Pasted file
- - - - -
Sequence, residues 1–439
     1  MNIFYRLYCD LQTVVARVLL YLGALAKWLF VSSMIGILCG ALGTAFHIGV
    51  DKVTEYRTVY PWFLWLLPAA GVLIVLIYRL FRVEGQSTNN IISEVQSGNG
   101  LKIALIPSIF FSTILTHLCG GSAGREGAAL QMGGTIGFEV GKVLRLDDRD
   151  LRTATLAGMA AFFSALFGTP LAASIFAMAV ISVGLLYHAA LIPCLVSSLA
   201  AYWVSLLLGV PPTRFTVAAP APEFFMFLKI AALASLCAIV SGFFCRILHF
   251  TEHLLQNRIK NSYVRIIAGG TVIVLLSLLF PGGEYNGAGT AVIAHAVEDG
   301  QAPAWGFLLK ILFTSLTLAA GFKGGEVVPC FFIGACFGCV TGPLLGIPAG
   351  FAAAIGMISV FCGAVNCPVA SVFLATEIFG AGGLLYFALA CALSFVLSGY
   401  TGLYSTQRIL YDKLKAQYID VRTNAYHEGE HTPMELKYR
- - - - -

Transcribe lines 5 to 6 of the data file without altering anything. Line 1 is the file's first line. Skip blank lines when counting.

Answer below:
   151  LRTATLAGMA AFFSALFGTP LAASIFAMAV ISVGLLYHAA LIPCLVSSLA
   201  AYWVSLLLGV PPTRFTVAAP APEFFMFLKI AALASLCAIV SGFFCRILHF